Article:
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Freytag’s Pyramid in A Rose for Emily

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Though a non-linear narrative, Faulkner’s A Rose for Emily fits well into the significant structure described in Freytag’s Pyramid. Exposition is centered around the death of the eponymous character, Emily Grierson, and details her history in the town of Jefferson.

Moving backwards in time, an offer between Emily and a previous mayor, Colonel Sartoris, is discussed, in which Emily is remitted of all taxes due to a loan Emily’s dad made to the town before his death.

This expository information allows the reader to form a more substantive photo of Emily before the narrative actually starts.

Faulkner develops the tone of the story as puzzling and elliptical. Emily is someone who can only be known vaguely, through all that can be comprehended in a couple of events. By stopping working to divulge too much about Emily, Faulkner lends her an air of secret, therefore increasing the reader’s interest in her character.

The story then jumps back in time thirty years, when there was concern in Jefferson over an odor coming from Emily’s home. This is the point of increasing action, in which the story obtains tautness in dispute. Now the narrative is propelled forward by the reader’s curiosity- what is triggering this terrible smell? All of this builds on the mystery surrounding Emily, she ends up being not a lot a female as an apparition, a vague blur in the mind of the reader.

As the narrative earnings on it continuously moves backward in time, so that the climax occurs at the point outermost in the past. Emily’s purchase of the arsenic precedes chronologically the events of the very first, second, fourth, and 5th parts of the story. A Rose for Emily inverts the traditional narrative structure in which a story typically drives toward some point in the future, diving into the past for its revelations.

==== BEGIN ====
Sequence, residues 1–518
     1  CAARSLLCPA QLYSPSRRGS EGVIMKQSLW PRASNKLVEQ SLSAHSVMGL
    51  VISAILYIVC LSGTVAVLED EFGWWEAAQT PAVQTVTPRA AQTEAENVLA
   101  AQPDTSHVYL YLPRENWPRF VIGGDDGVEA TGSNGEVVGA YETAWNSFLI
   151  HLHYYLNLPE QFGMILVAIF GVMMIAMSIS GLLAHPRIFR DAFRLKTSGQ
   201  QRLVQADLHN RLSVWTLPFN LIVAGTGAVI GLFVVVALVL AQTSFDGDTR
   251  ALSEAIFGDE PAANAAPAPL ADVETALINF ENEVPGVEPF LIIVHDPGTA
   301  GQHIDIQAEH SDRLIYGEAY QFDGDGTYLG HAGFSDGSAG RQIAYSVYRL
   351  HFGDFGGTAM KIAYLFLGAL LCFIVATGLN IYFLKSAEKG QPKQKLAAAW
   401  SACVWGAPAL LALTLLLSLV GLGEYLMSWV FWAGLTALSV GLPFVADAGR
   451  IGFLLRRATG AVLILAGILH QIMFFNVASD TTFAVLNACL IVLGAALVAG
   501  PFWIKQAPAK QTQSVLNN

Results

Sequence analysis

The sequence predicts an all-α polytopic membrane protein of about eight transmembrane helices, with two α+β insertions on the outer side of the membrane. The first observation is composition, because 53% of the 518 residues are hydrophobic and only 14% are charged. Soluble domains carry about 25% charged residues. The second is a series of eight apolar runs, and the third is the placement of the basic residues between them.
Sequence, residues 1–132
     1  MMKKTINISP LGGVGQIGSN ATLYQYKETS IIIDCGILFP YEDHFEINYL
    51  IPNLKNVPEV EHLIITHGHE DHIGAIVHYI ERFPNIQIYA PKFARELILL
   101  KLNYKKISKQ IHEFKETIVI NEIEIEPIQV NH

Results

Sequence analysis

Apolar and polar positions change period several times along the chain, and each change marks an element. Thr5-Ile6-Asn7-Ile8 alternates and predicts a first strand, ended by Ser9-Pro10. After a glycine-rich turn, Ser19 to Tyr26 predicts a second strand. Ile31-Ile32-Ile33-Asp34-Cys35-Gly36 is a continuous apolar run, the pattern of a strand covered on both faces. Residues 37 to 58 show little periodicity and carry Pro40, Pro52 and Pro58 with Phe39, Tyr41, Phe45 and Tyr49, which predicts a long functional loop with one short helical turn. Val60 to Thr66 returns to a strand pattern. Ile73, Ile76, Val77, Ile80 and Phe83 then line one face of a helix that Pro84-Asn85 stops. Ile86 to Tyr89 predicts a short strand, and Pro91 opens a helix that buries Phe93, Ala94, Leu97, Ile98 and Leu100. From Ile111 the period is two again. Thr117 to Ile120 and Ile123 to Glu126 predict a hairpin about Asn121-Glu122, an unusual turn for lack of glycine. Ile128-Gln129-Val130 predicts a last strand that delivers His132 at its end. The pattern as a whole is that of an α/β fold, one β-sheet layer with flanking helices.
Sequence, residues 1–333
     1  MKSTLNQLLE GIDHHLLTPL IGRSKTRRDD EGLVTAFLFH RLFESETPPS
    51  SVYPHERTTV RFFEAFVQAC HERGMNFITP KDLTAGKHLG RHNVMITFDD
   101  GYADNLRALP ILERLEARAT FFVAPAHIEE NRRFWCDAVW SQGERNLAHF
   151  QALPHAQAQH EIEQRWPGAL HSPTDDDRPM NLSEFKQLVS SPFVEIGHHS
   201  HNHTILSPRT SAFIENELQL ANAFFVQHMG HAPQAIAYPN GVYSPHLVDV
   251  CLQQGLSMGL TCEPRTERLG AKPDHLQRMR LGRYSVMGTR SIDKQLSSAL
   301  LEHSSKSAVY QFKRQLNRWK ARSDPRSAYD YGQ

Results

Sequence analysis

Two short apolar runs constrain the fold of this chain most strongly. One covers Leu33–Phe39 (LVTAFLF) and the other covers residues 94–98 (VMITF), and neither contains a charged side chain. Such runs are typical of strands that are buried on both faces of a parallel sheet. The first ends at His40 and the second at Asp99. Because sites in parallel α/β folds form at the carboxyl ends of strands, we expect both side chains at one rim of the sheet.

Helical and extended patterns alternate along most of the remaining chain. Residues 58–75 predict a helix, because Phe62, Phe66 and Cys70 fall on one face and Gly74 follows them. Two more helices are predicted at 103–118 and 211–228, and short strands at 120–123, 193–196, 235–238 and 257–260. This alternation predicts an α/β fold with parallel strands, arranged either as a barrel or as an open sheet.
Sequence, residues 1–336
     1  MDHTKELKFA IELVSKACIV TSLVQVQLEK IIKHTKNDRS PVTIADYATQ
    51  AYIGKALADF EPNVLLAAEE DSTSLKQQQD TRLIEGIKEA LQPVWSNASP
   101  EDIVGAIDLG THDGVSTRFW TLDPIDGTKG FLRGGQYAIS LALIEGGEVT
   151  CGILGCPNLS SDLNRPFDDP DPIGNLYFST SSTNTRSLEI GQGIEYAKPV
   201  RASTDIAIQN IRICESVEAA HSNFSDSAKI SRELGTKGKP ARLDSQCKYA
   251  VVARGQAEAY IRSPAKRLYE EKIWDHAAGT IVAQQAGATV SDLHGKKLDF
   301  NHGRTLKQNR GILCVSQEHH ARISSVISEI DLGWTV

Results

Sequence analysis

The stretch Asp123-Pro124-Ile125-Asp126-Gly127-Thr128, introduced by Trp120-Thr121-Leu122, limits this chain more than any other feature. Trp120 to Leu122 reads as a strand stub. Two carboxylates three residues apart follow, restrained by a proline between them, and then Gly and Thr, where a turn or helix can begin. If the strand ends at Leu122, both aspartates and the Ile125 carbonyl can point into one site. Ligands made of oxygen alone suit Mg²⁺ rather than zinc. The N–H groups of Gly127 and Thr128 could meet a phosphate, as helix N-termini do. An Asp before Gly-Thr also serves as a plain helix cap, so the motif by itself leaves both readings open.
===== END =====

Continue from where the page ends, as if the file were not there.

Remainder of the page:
The purchase of the arsenic need to be considered the story’s climax for it is the only circumstances in which Emily does something about it within the narrative. She resolves here to take that action, the fruits of which are exposed in the last part of the story when the skeleton of Homer Barron is discovered in her bed room.

Part 4 of the story represents falling action, similar to the purchase of the arsenic the fate of Homer Barron has actually been settled. That the arrival of Emily’s family, or “kin” as Faulkner refers to them, is merely brushed upon in the vaguest terms acts as evidence- the focus of the story is somewhere else. All that is left here is for the story to unravel into the denouement, which comes of course with the discovery of her expected other half’s corpse.

Here, Faulkner pulls back the drape and permits the reader to briefly look a few of the mystery behind Emily, and by just suggesting at one perversion, he hints at an entire host of other weird activities. Hence the story is concluded not by fixing the mystery, but rather by increasing its lurid allure.

In a story, such as A Rose for Emily, which is as much about environment as it has to do with producing drama, a little action can carry excellent weight. Emily’s extremely existence, “dear, inevitable, resistant, peaceful, and perverse,” shocks the village of Jefferson out of entropy and into the life of narrative.

Hence, though the story is nominally propelled along by interest over an unusual odor emanating from her home, it is Emily herself in the end that sustains the interest of the reader. Though Freytag’s Pyramid is an outstanding guide for distilling remarkable structure from an otherwise evasive narrative, its application is limited. While the model corresponds to the purely dramatic aspects of A Rose for Emily it can not account for such complementary elements such as tone and style, which frequently facilitate drama just as much as a well-honed structure.

Faulkner’s composing operates obliquely, touching points of interest and then simply as quickly departing from them, leaving a slight fog about the people and locations he evokes. Making use of Freytag’s Pyramid can help shine a light through this fog and deal one a higher insight into the nature of this strange piece, A Rose for Emily.

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